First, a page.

The government increased its efforts to prevent trafficking in persons. The government formally enacted Law No. 21 of 2015 Regulating the Entry, Exit, and Residence of Foreigners and developed a new employer contract system applicable to all expatriate workers in Qatar, including domestic workers. The new e-contract system could reduce vulnerabilities to forced labor if fully implemented. Workers still require exit permits to depart the country. In accordance with Law No. 21, the government established a formal “Grievance Committee” that reviews within 72 hours rejected requests for exit permits to depart the country. In operation since December 2016, this committee addressed 498 denied exit permits, of which it upheld five—all of which involved unresolved legal issues. Although the government offers complimentary legal and translation assistance during court proceedings, it did not report how many workers who submitted a grievance received such services. Also in accordance with the law, the government initiated the process of converting all contracts into duplicative e-contracts in order for one contract to be on file in Qatar and the other in the respective source country. This new contract system includes standardized language, including in local languages of major labor-sending countries, and online instructional guidance in Arabic and English. In addition, under the new law employees are not required to have a “no objection certificate” to seek alternate employers upon conclusion of their contracts, although workers are still required to have this certificate to change jobs in the midst of an existing contract, which can be up to five years. Migrant workers are no longer required to leave the country for two years before seeking new employment in Qatar, thereby reducing the imperative for laborers seeking long-term employment in Qatar to reengage in potentially exploitative recruitment relationships. Since implementation of Law No. 21, the government has transferred approximately 5,200 workers to new employers. Although the sponsorship law requires an employer to secure a residence card for laborers within seven days, reports indicated this sometimes did not happen; the lack of a residence card essentially restricts their ability to access health care or lodge complaints with authorities. In advance of the December 2016 launch of Law 21 of 2015, officials conducted at least five lectures and town hall meetings reaching an unknown number of foreign diplomats, community leaders, business executives, and employers, and produced media publications to explain the new reforms and how workers could use these legal changes to more easily change employers or leave the country.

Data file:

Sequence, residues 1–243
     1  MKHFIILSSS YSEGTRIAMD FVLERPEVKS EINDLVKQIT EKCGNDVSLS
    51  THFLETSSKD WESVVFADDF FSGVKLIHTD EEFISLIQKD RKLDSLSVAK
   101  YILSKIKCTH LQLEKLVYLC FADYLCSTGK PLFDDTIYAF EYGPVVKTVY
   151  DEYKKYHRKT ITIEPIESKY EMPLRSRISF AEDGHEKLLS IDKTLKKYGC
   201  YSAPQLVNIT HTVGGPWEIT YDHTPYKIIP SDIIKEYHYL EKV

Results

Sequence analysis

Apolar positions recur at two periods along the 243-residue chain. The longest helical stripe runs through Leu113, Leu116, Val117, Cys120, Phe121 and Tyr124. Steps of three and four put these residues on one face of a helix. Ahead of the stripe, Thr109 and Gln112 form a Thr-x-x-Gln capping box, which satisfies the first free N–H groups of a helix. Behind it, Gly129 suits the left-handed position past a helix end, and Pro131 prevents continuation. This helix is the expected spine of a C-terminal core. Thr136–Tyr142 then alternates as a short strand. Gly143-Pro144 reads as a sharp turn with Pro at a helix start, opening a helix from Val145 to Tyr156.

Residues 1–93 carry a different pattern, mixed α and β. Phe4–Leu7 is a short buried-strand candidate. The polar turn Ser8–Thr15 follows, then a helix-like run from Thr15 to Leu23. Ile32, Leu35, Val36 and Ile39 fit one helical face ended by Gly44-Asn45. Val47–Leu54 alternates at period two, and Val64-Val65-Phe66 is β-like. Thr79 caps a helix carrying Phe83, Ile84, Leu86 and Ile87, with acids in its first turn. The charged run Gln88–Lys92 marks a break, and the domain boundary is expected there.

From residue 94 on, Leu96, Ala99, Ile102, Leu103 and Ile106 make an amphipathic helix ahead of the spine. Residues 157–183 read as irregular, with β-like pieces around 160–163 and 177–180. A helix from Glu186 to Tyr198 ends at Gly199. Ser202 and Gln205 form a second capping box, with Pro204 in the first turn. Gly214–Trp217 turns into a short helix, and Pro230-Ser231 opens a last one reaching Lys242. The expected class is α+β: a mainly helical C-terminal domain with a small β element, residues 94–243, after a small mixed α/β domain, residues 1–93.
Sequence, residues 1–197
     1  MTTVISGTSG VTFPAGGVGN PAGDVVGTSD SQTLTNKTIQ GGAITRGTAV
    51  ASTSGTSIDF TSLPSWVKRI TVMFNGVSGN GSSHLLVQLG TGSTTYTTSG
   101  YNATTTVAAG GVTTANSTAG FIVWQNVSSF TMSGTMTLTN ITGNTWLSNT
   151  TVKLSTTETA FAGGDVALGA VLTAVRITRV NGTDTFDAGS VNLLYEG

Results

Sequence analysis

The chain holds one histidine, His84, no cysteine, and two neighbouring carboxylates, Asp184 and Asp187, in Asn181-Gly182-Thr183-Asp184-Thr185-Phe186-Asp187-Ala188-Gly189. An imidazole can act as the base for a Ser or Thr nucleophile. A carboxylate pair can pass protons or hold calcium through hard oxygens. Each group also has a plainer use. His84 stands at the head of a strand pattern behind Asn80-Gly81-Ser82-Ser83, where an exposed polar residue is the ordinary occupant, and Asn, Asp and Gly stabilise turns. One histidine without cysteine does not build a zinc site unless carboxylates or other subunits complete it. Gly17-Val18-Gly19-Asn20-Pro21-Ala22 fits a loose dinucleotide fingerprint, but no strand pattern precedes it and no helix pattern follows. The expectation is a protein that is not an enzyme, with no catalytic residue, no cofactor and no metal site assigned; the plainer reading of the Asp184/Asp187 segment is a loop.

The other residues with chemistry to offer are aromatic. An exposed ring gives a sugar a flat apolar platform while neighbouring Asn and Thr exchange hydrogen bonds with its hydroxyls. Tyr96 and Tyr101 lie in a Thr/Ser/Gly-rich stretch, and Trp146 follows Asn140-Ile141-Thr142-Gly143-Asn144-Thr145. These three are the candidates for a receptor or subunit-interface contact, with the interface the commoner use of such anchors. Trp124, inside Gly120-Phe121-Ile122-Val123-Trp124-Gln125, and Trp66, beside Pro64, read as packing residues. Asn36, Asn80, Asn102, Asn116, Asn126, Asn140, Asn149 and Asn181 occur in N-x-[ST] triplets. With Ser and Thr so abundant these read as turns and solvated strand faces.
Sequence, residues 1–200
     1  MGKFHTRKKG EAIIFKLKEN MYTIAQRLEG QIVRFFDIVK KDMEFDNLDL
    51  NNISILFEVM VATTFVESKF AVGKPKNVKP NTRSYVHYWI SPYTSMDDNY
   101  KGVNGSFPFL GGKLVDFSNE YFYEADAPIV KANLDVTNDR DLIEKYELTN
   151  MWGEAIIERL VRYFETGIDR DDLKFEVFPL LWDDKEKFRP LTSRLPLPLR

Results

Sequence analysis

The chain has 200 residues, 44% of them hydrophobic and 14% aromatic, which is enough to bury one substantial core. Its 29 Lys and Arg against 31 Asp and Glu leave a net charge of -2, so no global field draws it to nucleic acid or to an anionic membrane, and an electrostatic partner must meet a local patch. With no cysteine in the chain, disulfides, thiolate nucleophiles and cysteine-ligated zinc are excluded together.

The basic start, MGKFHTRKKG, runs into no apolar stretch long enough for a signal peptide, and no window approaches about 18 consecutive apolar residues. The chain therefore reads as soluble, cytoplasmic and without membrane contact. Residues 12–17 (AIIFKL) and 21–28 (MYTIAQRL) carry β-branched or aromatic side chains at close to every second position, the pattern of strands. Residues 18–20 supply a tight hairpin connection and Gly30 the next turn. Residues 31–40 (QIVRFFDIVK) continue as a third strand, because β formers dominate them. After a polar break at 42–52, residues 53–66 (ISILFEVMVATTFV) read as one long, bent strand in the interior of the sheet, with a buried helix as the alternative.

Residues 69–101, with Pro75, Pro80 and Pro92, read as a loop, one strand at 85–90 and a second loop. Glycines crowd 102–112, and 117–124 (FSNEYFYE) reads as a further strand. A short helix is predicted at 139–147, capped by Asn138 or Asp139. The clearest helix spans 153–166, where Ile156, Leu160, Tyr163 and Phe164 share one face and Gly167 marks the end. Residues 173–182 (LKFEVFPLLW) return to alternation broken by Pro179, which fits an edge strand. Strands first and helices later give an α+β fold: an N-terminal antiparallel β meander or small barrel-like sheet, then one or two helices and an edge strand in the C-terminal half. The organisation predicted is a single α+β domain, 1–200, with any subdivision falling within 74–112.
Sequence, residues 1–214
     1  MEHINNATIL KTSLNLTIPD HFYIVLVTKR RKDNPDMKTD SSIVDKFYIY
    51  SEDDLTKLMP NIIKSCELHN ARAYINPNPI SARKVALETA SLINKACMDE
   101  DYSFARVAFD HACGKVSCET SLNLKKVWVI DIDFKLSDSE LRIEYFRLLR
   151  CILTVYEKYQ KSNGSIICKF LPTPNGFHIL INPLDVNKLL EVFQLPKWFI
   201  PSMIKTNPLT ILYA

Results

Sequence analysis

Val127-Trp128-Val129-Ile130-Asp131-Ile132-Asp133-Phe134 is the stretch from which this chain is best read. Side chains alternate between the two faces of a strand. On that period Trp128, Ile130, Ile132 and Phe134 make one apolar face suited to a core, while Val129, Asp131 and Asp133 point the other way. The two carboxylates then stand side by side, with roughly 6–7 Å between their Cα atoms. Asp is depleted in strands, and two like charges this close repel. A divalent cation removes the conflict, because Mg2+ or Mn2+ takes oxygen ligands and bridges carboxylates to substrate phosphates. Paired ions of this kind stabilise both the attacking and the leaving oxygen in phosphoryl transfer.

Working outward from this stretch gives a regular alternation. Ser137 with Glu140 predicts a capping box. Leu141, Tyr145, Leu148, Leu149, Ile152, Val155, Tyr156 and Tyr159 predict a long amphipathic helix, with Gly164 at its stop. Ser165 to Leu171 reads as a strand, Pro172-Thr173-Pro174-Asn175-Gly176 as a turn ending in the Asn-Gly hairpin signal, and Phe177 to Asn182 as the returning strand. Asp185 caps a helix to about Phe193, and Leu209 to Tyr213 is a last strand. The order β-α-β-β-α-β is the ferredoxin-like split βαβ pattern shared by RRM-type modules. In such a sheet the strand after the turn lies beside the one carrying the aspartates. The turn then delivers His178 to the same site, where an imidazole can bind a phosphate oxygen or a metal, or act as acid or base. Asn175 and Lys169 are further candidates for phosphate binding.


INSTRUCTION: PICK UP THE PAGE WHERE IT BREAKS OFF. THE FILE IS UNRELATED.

For most of the reporting period, the government did not appoint a lead for anti-trafficking efforts after the previous oversight body was dissolved. Nonetheless, the government continued to pursue various goals established in the 2016 written plan to combat trafficking. A new anti-trafficking committee, which includes representatives of both government offices and NGOs, was approved in October 2016 and members met unofficially to draft a new strategy for 2017-2022, which prioritizes prevention, protection, judicial pursuits, and regional and international cooperation. The government allocated approximately 7.2 million Qatari riyal ($1.97 million) for the development and implementation of the draft strategy. The government-funded Protection and Social Rehabilitation Center promoted awareness campaigns on various forms of abuse, including trafficking, and outlined where to receive help; these campaigns targeted women, domestic workers, and exploitative employers. In addition, the government sought to raise awareness among the local population through a new slavery exhibit as part of a museum consortium in Doha that showcased information on human trafficking trends in Qatar. The government published manuals for expatriates in Arabic, English, and several source country languages on proactive victim identification, domestic worker rights, and ways to combat trafficking in Qatar. It continued to publish and disseminate “worker rights” pamphlets in English, Arabic, Hindi, Bengali, Nepali, and Tagalog that contained relevant articles from the labor and sponsorship laws, in addition to the number for the complaint hotline, which received more than 4,200 calls during the year. The quasi-government Qatar Foundation and the Qatar 2022 Supreme Committee co-published mandatory standards documents, which included workers’ rights and contractual incentives for contractors to adhere to Qatari labor laws.
In 2016, the government employed 397 labor inspectors, up from 350 in 2015, who conducted more than 44,500 labor inspections and filed 1,142 labor violation reports, though the government did not provide an exact figure on the total amount of fines placed on companies or how many fines it administered, and many of the inspections fell outside of the reporting period. The government canceled the licenses of 93 recruitment agencies, issued 78 warnings, wrote seven infringement reports, and revoked the licenses of 24 companies, compared to 15 in 2015, that MOI’s routine inspection and monitoring found to be noncompliant with the labor law; however, it did not report if it referred any companies, or their owners or staff, for further prosecution or whether it achieved any convictions for those suspected of illegal recruitment activities. Officials blacklisted more than 5,500 companies and 2,000 individuals in 2016 for unscrupulous practices, such as nonpayment of workers’ wages, exceeding the blacklisting of 2,417 companies the previous reporting period. In total, the government of Qatar took 34,662 decisions against companies for violations of either the labor law or the WPS. The government continued its rollout of the WPS, which requires employers to pay workers electronically and increases penalties for violating the labor code. In 2016, the system included bank accounts for over two million migrant workers and allowed for the tracking of unpaid wages; labor sending embassies reported a decline in unpaid or delayed wage cases by nearly 60 percent. The WPS detected more than 600 companies for labor violations; however, it remained unclear whether the system flagged any potential trafficking cases for criminal investigation. Allegations of employees forced to pay employers a certain amount of money before having their wages transferred electronically continued to exist, though improved access to ATMs, online banking mechanisms, and awareness campaigns reduced reported instances of this potential loophole in the system. The government continued to address recruitment issues and worker rights through 36 bilateral agreements and five MOUs with labor-sending countries. The government did not report efforts to reduce the demand for commercial sex acts. The government did not regularly provide anti-trafficking training for its international peacekeepers or diplomatic personnel.